Whether you are taking the photo sitting down or standing up, mark out on the wall or area of where your head will be positioned. Use a post-it note to mark out the position on the wall. This is the spot which you will be getting your camera to focus on which will ultimately be your face or body striking a pose. This rule mainly applies if you are taking the photo with a DSLR to get it into focus. Most mobile phones have automatic face recognition when set to camera mode.
How To Make Your Selfie Pose Look Natural
The biggest problem I find when profile photos are being taken by others is that it is all a bit on the spot. Stare into a camera, smile and hope that a decent picture has been taken. I never know what to do with my body and where to put my hands.
The beauty of taking your own photos is you get to dictate the scene that is created. You get to say what makes a good photo to showcase to the world. I always find that the best images of me are me doing something or engaging with the camera in a natural way.
Using props are always a great way to get a natural shot, giving you a point of focus to make you feel at ease.
Balloons, bubbles and bubble gum are 3 all three things to get folk smiling. Whether it is you using them or others watching, it brings out the natural and the smile in us all. No one is too old for any of these to have fun with!
If props are not your thing or there is limited availability, take to having a fun conversation with your imaginary friend either behind the camera or to the side. This creates a natural look, helping you to take the focus off trying to strike a smile or pose for the camera. Instead, have a conversation with it or your imaginary friend (make it a funny conversation).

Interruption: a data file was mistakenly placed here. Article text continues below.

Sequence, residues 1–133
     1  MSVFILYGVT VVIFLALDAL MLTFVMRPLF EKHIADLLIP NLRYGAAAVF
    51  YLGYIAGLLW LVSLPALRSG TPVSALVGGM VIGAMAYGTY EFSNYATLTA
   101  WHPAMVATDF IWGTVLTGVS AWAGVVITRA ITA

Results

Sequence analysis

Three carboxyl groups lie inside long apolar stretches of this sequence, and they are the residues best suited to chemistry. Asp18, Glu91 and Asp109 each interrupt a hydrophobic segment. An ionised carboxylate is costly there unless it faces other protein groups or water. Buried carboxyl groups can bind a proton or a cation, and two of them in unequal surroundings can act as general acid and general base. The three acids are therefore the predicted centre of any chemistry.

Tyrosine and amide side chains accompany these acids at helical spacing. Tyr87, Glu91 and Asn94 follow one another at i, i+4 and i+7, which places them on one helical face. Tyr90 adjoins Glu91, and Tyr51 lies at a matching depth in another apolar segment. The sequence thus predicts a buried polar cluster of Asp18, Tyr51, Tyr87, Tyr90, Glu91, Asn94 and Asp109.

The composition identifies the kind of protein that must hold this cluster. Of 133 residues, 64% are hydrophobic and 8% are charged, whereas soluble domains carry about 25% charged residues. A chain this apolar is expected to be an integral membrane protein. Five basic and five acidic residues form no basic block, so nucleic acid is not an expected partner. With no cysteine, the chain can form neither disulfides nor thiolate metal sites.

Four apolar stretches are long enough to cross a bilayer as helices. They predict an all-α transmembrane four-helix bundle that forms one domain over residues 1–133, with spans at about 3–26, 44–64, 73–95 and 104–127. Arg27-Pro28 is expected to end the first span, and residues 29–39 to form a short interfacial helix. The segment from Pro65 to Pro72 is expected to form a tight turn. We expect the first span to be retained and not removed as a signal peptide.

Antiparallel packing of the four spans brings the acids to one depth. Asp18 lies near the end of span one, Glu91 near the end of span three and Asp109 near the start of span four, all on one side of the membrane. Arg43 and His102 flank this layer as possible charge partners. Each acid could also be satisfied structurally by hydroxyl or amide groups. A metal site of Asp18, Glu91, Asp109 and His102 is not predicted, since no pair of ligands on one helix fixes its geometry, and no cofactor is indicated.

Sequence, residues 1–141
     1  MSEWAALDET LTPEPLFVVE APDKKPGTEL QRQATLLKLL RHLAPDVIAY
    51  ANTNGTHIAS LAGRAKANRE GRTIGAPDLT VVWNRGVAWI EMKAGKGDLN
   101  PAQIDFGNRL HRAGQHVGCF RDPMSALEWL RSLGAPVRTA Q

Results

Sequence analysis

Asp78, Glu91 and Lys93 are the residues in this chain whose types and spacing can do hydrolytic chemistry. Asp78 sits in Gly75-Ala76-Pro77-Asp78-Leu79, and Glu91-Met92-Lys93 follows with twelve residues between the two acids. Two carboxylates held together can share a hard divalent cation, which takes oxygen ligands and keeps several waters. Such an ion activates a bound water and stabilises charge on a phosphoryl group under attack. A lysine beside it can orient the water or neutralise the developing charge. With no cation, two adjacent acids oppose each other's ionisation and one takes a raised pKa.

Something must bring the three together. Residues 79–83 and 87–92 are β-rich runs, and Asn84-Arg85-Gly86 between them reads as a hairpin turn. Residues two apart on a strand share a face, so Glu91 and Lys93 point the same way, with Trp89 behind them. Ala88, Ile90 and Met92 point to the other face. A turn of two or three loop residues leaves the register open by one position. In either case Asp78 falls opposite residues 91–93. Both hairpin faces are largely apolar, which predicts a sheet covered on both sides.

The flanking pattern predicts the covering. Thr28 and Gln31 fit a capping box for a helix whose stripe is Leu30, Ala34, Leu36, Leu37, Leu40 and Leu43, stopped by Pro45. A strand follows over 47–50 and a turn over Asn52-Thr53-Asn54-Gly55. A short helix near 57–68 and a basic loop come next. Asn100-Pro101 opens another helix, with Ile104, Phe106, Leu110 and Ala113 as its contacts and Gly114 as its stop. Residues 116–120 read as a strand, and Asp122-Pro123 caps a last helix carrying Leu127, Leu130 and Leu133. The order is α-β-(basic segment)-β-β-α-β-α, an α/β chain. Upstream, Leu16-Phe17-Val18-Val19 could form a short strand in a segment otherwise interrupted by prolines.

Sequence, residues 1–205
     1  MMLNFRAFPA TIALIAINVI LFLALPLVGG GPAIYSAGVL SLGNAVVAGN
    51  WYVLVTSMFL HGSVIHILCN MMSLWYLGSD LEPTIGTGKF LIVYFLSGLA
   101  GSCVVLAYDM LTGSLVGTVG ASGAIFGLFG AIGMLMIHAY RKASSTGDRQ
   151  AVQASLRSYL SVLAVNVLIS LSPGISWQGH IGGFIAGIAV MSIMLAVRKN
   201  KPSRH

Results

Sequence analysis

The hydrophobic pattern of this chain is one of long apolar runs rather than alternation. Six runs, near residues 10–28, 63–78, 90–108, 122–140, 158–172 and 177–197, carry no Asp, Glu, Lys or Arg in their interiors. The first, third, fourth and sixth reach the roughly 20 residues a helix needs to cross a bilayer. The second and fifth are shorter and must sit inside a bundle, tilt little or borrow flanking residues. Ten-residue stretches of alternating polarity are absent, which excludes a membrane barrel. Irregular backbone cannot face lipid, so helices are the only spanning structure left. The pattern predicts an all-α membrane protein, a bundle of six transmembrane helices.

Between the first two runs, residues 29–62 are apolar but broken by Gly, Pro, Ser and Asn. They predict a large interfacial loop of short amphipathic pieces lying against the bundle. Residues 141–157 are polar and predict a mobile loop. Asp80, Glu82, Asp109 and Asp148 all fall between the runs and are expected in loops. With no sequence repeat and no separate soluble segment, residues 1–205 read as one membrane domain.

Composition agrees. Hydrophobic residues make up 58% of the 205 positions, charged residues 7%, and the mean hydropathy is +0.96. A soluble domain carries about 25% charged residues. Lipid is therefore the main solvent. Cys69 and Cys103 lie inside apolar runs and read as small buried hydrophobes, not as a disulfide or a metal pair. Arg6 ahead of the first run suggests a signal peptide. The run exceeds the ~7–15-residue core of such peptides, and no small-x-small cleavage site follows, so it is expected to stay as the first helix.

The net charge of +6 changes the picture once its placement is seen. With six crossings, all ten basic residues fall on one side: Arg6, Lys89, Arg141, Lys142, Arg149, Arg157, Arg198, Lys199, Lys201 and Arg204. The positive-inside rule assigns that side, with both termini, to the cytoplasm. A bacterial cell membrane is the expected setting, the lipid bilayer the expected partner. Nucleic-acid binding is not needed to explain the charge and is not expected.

Taking The Best Picture With Your DSLR Camera
Most of my shots are taken with a DSLR camera on a tripod, with the optional flashlight and remote control. As it is just me taking the photos, I always set the camera to multiple shutter mode.
This means that once the remote control has been pressed and set to lock, the camera will be continuously taking pictures. This gives you time to get into position and do your best imaginary conversation or messing around with props. This is a great mode to get action shots and the more natural look of you in the picture. Therefore providing lots of great options as well as the dodgy ones.
Tip – using multiple shutter mode can create great animations and gifs, potential content for Instagram and Facebook.
Taking The Best Picture With A Mobile Phone
Taking selfies with your mobile phone are great for taking head shots or sitting on the floor with the use of a mini tripod. There is less involved in trying to get the angle and focus right with a mobile phone. Most of the basic features are programmed into the phone.
The main thing with using a mobile phone to take the shot is getting the height right (if you are choosing hands-free mode). It is sometimes worth keeping a few books close by in case your mobile tripod needs extra height assistance.
The key thing on taking mobile selfies and setting the timer. I usually do 10 seconds to give adequate time to get into position the mini tripod, mobile shot a are good for taking headshots if you are sitting at a table or on the floor.
Taking Mirror Selfies
If all else fails then the good old mirror selfie is a great way to take a natural shot. As I’ve already said, I’m not one for strutting a pose in front of the mirror, but not taking myself too seriously this is a fun way to take a creative shot. A bit of tongue cheek didn’t hurt anyone right?!
Happy snapping! Practice makes perfect!!